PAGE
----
1410 Beverley Rd
Brooklyn, NY 11226
November 2, 2012: Letter to the Editor, Lincoln Anderson, The Villager
Don’t rock the boat(houses)
To The Editor:
Re “Leagues toss a change-up on Pier 40 buildings idea” (news article, Oct. 18):
In all the handwringing about the future of Pier 40, one of the park’s biggest and most public-spirited constituencies is getting overlooked, and that is the two community boathouses on Pier 40 that offer free public access to the waterways that actually make up most of Hudson River Park. Together, those two boathouses put more than 15,000 people on the water this season.
As anyone who has walked down that short stretch of walkway on the south side of the pier knows, we have created the literal “connection to the water” that the park’s creators, designers and managers have always claimed they want to provide.
We too would like to see the Hudson River Park Trust and our elected officials work together to address the needs of the community for ballfields and green space.
However, we would most like to see them acknowledge (preferably on paper) their commitment to supporting the future of community boathouses and public access to the water at Pier 40.
Sally Curtis, Rob Buchanan, Phil Yee, Dave Clayton, Ruth Lindner, Divid Shehigian, Frank Cervi
The above signers are board of directors members, Village Community Boathouse
June, 2012 Letter to Lincoln Anderson, Editor, The Villager
To The Editor:
The Village Community Boathouse occupies a space on the south side of Pier 40, where we have been in one form or another for more than 15 years. We build and row traditional wooden rowboats, which we use to fulfill our mission of providing free public access to the New York Harbor estuary.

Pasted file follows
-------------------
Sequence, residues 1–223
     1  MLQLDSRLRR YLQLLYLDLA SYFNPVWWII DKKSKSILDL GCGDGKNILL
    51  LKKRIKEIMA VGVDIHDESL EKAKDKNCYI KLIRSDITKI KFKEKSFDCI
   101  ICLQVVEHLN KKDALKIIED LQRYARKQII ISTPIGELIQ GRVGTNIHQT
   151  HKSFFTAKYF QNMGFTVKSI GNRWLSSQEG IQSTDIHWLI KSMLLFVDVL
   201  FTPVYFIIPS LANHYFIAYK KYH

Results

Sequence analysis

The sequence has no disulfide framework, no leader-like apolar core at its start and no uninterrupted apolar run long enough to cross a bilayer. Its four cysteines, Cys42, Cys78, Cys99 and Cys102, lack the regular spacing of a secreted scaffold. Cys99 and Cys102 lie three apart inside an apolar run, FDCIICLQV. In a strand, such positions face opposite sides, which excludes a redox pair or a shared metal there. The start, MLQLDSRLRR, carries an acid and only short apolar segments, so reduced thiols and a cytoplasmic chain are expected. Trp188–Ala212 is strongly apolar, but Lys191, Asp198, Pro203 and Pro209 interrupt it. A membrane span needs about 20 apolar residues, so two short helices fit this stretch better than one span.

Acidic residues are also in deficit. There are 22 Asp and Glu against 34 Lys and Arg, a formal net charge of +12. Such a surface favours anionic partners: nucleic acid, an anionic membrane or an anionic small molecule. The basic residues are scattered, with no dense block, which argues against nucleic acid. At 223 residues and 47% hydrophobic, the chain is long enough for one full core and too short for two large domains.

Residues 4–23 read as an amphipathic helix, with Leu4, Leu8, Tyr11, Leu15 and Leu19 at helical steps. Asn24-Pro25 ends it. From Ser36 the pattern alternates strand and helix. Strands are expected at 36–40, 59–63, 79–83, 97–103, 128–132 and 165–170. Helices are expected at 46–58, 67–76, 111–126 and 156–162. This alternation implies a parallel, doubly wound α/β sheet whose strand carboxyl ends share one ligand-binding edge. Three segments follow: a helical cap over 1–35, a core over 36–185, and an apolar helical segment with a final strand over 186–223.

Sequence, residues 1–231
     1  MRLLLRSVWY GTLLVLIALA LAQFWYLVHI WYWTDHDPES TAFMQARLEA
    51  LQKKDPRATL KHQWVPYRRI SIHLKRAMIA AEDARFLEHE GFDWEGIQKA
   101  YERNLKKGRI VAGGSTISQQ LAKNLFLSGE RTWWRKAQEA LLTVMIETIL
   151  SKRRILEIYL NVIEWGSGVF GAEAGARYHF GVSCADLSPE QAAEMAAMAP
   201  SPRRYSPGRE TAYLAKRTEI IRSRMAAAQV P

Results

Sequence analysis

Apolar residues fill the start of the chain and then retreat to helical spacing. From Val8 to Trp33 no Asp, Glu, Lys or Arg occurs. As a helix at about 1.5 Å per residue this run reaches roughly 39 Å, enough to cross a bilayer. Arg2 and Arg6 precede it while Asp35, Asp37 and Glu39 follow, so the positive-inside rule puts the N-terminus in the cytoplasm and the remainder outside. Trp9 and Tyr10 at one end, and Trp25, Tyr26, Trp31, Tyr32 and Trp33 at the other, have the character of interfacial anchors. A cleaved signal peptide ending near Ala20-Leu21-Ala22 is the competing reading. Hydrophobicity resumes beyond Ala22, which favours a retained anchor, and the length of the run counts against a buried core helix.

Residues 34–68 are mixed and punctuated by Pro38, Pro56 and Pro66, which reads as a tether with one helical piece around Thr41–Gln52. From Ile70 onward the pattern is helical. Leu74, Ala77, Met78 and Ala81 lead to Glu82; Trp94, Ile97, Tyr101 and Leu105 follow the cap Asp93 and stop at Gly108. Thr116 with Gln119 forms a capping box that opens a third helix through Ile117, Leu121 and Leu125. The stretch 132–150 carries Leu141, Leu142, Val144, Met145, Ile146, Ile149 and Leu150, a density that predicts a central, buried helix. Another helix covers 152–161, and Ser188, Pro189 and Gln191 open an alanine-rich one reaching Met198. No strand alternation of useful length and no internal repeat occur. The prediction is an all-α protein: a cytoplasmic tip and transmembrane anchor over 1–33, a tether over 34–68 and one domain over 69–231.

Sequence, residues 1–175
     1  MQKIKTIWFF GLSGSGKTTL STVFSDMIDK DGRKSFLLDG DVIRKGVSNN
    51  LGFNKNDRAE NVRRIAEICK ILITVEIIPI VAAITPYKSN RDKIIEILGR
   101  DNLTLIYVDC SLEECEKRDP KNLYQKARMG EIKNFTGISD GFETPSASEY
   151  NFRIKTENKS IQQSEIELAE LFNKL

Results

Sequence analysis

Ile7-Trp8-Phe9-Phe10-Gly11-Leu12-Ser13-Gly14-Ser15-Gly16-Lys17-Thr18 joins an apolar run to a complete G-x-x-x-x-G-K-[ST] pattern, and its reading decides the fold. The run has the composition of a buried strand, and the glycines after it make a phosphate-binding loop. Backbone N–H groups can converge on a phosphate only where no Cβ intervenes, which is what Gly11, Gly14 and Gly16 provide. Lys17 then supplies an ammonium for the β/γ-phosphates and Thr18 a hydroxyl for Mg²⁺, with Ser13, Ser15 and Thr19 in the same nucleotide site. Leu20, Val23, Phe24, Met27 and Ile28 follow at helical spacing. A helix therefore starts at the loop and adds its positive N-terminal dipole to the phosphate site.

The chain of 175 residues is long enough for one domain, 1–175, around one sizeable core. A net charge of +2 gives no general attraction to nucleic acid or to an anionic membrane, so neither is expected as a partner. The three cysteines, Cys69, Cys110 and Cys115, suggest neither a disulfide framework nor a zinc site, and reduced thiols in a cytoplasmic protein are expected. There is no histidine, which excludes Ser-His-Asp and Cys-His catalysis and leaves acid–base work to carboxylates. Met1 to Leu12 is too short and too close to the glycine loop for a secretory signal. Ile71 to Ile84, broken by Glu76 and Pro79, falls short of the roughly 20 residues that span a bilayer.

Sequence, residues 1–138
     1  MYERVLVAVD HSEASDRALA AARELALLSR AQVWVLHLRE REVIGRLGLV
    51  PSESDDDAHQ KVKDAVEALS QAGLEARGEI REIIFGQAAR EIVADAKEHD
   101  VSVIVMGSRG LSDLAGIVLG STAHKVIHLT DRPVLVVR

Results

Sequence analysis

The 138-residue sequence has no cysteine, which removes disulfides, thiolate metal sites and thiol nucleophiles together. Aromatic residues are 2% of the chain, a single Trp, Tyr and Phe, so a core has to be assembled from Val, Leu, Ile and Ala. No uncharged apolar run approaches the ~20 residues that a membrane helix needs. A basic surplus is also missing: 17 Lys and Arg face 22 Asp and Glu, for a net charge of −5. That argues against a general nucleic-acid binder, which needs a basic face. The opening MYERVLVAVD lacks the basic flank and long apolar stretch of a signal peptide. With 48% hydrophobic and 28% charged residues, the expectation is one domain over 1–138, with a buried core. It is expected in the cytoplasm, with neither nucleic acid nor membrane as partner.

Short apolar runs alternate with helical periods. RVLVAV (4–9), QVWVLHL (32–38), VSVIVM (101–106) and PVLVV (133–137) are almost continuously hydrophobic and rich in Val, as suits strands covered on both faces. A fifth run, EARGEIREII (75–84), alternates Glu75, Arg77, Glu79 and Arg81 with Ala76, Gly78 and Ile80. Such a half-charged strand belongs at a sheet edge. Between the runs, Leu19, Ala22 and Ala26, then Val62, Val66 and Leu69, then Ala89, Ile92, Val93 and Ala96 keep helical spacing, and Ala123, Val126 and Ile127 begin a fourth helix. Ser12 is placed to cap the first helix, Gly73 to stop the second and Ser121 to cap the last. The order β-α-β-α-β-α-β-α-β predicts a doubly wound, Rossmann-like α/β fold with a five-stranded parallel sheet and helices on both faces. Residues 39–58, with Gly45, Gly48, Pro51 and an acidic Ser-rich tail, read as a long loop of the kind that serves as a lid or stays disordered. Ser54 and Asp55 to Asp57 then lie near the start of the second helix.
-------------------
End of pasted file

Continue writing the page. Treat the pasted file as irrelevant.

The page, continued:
Last year we took more than 1,500 people out on voyages in the harbor, including local high school and college students. The Downtown Boathouse also has a boathouse at Pier 40 where they provided free kayaking to 10,500 people last year alone.
It appears that the Hudson River Park Trust does not fully recognize the true value of Pier 40 to the waterfront community and the public. The Hudson River Park Act calls for using the pier to generate funds to support the rest of the park. The proposals that I am aware of call for placing commercial, revenue-producing enterprises on the pier. However, none of the plans recognizes or exploits the physical features of the pier that make it uniquely suited to human-powered boating.
Sheltered from wakes, currents and the wind, the pier’s south side embayment is ideal for running beginner and/or children’s boating programs. The water is warm and deep, and the embayment has no blind spots. In addition, the promenade on Pier 40 runs the full length of the embayment, making it easy to supervise rowers on the water.
As a result of the shape, bulk, mass and orientation of Pier 40, the pier’s south side has a unique microclimate that is found nowhere else on the Manhattan waterfront. The massive structure of Pier 40 causes it to block the cold northerly winds. Being heavy causes it to absorb a lot of sunlight during the day, which is then radiated back as heat during the early evening. The perceived temperature increase is often more than 20 degrees Fahrenheit, giving the promenade a festive, beach-like atmosphere in the summer months.
As various plans are considered for Pier 40, I hope that the Hudson River Park Trust will recognize the gem that is Pier 40 and that human-powered boating is part of the plan for the south embayment.
Curtis is president, Village Community Boathouse